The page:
That being said, sellers prefer offers without any contingencies. Dropping contingencies reassures the seller that nothing will pop up at the last minute in a close. It can give sellers more confidence in your offer compared with the others they’ve received that include contingencies.
6. Offer all cash
Knowing that speed is the key to winning a bidding war, you should be prepared to pay in cash, if at all possible. No matter how big the down payment, processing, and mortgage approval from the time the offer is accepted until the time the keys are handed over can be a long wait.
Coming to the table with cash gives you a leg up on the competition. Sellers love cash offers because they’re more reliable, and the sale is less likely to fail at the last minute. Not all buyers or investors can make all-cash transactions, though.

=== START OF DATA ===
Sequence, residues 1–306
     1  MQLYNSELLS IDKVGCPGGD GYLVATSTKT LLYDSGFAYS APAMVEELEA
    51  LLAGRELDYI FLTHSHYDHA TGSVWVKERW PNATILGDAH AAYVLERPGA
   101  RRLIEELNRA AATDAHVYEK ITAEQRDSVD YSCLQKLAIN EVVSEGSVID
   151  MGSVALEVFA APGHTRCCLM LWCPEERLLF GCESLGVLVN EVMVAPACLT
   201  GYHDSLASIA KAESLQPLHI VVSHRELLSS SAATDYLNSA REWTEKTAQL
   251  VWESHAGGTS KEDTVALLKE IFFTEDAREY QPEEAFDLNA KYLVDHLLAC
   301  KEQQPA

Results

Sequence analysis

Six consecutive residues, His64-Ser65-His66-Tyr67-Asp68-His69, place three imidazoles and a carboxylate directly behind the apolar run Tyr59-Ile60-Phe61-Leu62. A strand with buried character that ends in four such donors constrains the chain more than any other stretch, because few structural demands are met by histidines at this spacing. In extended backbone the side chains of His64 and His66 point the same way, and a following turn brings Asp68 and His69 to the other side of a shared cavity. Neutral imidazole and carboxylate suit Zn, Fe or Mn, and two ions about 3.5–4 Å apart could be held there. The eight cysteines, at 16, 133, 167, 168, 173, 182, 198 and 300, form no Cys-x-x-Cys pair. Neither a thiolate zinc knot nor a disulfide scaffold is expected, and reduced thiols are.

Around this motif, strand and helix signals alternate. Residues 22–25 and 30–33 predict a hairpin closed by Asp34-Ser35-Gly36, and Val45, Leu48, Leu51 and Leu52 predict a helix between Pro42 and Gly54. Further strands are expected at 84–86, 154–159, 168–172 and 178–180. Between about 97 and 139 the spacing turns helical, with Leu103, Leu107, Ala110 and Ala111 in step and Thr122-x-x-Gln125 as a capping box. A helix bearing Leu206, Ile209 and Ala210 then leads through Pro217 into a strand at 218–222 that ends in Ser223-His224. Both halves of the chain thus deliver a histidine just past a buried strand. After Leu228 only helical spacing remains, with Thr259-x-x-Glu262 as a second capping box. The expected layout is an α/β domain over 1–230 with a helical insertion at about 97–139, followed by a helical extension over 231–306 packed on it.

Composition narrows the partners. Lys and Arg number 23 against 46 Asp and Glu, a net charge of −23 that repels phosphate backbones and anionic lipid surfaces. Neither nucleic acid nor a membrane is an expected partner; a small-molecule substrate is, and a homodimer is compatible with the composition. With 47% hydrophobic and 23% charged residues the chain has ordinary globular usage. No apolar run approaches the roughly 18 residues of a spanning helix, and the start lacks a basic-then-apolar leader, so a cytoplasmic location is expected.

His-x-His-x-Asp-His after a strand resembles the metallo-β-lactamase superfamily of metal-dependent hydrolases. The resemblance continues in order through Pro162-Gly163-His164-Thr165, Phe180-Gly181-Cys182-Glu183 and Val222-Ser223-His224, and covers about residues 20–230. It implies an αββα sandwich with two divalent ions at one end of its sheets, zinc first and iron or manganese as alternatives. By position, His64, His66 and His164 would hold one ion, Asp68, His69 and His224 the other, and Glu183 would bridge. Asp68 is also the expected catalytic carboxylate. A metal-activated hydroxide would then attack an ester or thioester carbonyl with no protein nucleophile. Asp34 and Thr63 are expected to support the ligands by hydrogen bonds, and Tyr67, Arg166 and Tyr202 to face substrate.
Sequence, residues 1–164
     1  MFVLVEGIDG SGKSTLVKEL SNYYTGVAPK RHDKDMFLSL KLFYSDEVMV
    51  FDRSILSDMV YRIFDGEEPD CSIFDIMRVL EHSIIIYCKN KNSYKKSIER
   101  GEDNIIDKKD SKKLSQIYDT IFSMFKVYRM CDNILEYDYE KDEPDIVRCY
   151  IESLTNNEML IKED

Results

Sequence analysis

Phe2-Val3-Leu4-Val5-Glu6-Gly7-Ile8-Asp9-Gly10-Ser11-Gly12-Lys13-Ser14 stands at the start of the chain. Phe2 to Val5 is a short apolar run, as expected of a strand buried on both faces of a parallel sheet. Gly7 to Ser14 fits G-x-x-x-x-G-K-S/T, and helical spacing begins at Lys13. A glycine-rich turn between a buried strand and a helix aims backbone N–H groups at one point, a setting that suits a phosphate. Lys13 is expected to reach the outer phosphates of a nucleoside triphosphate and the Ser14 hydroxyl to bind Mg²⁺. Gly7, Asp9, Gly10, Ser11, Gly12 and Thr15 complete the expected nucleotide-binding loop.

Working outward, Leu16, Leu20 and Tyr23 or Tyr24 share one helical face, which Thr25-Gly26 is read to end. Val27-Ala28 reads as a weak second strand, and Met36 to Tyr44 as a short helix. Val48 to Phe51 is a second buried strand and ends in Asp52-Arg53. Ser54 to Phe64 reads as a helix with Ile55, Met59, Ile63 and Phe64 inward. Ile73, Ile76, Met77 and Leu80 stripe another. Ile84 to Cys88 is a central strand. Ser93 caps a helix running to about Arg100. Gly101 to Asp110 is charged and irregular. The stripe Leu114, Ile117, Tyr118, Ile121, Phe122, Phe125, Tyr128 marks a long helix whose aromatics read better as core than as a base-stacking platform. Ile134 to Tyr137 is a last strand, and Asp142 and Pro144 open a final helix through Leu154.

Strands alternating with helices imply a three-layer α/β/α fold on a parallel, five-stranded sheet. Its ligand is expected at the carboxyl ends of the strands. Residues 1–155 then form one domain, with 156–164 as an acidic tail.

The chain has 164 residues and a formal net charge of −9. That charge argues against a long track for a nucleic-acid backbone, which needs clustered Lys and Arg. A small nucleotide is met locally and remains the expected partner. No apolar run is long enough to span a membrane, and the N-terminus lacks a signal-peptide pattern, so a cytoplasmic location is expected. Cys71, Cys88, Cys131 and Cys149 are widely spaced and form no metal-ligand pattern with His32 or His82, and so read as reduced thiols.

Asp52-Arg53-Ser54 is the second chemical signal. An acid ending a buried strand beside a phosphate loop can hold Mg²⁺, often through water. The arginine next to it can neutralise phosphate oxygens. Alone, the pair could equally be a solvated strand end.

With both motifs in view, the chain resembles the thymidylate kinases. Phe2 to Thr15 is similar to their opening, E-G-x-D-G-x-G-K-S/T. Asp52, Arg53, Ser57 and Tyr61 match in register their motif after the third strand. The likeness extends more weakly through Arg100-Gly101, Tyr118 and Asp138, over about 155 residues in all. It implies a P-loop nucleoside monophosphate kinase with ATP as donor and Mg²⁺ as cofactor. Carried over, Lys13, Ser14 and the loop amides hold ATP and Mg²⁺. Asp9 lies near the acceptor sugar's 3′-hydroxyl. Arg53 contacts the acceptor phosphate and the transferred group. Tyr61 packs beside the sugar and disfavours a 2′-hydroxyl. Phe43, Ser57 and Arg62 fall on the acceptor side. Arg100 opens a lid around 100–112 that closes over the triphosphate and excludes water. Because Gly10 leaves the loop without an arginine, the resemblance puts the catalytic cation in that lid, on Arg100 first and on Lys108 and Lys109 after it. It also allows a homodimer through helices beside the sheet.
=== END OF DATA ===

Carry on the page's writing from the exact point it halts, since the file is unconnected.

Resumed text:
7. Be preapproved
If you cannot make an all-cash transaction, get your loan preapproved and offer as much cash as it makes sense for your financial situation. Offers with a mortgage preapproval letter can make the seller feel more confident because the first step in securing financing has already been completed.
Preapprovals also help you as the buyer by knowing
- How much a lender is willing to offer you
- What the monthly mortgage payment will be
- Which mortgage options are available to you
A lender looks at your credit score, job history, identification, bank statements, current debts, and your completed mortgage application before they can preapprove you. If you’re preapproved, you’ll receive a specific loan amount they are willing to lend you, which you can submit with your offer.
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8. Act fast
As noted in No. 6, speed is a big part of the equation in winning a bidding war. The internet has significantly sped up the sales of homes, with some houses selling the same day that they hit this seller’s market. If a property you want becomes available, don’t wait for the open house and forget low-ball offers. Look at the property so you can make your evaluation and make your best offer right away. You may only get one crack at this, so have all your paperwork in order ahead of time. When the right property enters the market, you can swoop in to get it.
9. Be flexible